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Act now or many more will die

Jakarta Post Editorial - May 21, 2024

Jakarta – We are saddened by the flash floods and lahars (a mixture of water and volcanic rock fragments) that hit a number of regions surrounding Mount Marapi in West Sumatra on May 11, leaving more than 60 people dead and 14 others missing. Some natural disasters are unpredictable, but losses of life are preventable with well-prepared mitigation and alert systems.

Even hydrometeorological disasters such as flash floods, landslides and lahars, can be well anticipated to prevent material and immaterial losses, including casualties.

Coordinating Human Development and Culture Minister Muhadjir Effendy acknowledged that the recent West Sumatra catastrophe showcased the government's "stupidity". Muhadjir was referring to his ranks' indifference toward the natural disasters that had occurred repeatedly across the province since the beginning of this year.

The Meteorology, Climatology and Geophysics Agency (BMKG) confirmed separately that the West Sumatra government has no early warning system in place for flash floods or lahars. Local authorities have so far relied on BMKG weather forecasts, which normally do not adequately explain to the public the extent of potential damage.

Indonesia, indeed, never seems to learn from past mistakes. Statistics show that predictable disasters like floods and landslides continue to claim many lives. According to National Disaster Mitigation Agency (BNPB) data, 22,435 people have been killed in 7,917 flood disasters and another 3,212 in 7,057 landslides since 2015.

Mitigation efforts and early warning systems for such hydrometeorological disasters is ever more important as these catastrophic events become more common, particularly amid the worsening climate crisis.

In fact, heavy rainfall that led to the Marapi lava flows was caused by a weather anomaly purportedly triggered by rising sea temperatures. Although Indonesia did not experience the intense heat wave that swept across South and Southeast Asia, the country's temperature did increase because of climate change and the El Nino climate phenomenon, among other things.

The recent calamity in West Sumatra is not a first. Local residents even have their own term to describe the flash floods that feature deposits of volcanic material from Marapi's eruption – galodo.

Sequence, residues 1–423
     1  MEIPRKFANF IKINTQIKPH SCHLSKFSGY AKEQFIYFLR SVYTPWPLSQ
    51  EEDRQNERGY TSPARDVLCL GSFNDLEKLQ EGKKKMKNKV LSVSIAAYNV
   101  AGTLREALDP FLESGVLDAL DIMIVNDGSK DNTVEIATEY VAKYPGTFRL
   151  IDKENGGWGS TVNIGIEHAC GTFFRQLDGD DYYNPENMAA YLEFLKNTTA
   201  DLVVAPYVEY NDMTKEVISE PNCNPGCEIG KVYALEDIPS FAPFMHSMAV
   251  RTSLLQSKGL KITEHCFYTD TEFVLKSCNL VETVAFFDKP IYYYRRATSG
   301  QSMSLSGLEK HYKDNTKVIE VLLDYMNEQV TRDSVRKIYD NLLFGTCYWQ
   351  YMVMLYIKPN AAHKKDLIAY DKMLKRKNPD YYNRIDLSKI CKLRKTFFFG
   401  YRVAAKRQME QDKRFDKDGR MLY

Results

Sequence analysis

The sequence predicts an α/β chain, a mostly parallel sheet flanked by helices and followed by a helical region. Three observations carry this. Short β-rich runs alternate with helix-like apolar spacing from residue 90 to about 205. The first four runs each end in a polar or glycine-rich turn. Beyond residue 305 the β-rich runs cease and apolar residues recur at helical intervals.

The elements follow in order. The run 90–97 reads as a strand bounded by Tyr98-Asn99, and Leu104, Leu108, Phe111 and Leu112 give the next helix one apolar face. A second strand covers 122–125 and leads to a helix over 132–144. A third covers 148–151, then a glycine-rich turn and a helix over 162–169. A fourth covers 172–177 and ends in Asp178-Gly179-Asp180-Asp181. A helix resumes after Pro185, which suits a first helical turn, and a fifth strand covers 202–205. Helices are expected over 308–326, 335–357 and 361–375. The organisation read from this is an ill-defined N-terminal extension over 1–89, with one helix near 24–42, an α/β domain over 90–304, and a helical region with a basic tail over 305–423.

Another destructive galodo occurred in April 1979, destroying five villages in the regencies of Agam and Tanah Datar. It claimed 60 lives and left 19 missing. Similarly deadly volcanic mudflows occurred in 2009, 2010and 2017.

Despite experiencing a number of galodo, neither authorities nor local residents appeared to understand just how dangerous the events can be or what measures should be taken to escape from them and survive.

Shortly after the 1979 galodo, some affected villages were relocated but people kept returning to disaster-prone areas. On the other hand, various businesses, such as cafes, were also established in dangerous places, such as on cliff edges and riverbanks.

The newly built Xakapa cafe, situated on the riverbank across from the popular tourist destination Lembah Anai waterfall in Tanah Datar, was swept away during the May 11 flood. The disaster also wreaked havoc on some other eateries and entertainment venues nearby.

The monstrous, fatal calamity should serve as a wake-up call for the government to prepare a series of disaster mitigation efforts, such as identifying disaster-prone areas, relocating buildings to safe areas and implementing an end-to-end early warning system that informs residents about dangers as well as how and where to evacuate.

There is also an urgent need for routine evacuation drills for the local community to improve their readiness for flash floods and lahars. Nature conservation is equally crucial because disasters like floods and landslides are often caused by natural destruction such as illegal logging and massive land conversion.

Natural disasters are projected to become more frequent and catastrophic in the future as climate-related problems increase. Disaster-prone Indonesia must learn from past calamities to prevent fatalities. One death is too many, especially if it could have been prevented.

Source: https://www.thejakartapost.com/opinion/2024/05/21/act-now-or-many-more-will-die.htm